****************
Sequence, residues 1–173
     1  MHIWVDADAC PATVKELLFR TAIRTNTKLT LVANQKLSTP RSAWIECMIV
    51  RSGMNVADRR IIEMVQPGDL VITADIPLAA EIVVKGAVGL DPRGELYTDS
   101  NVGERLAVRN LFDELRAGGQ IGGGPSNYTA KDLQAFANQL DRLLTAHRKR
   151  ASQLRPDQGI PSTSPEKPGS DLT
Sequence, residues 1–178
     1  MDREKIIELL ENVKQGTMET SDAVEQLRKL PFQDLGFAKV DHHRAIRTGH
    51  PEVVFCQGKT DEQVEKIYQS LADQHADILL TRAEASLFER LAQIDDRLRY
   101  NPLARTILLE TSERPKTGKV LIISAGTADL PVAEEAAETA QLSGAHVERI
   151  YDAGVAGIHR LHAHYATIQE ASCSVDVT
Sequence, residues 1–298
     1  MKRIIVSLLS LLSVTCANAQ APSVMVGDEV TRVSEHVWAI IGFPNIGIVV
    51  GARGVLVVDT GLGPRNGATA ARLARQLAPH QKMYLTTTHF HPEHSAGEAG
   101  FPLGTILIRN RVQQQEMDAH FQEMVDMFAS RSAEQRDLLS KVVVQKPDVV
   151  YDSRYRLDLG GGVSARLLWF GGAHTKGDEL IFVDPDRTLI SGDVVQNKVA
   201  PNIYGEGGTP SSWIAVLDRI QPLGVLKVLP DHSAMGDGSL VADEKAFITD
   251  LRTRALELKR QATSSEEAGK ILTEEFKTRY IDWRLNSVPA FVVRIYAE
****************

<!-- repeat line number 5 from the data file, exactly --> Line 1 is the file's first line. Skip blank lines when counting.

   151  ASQLRPDQGI PSTSPEKPGS DLT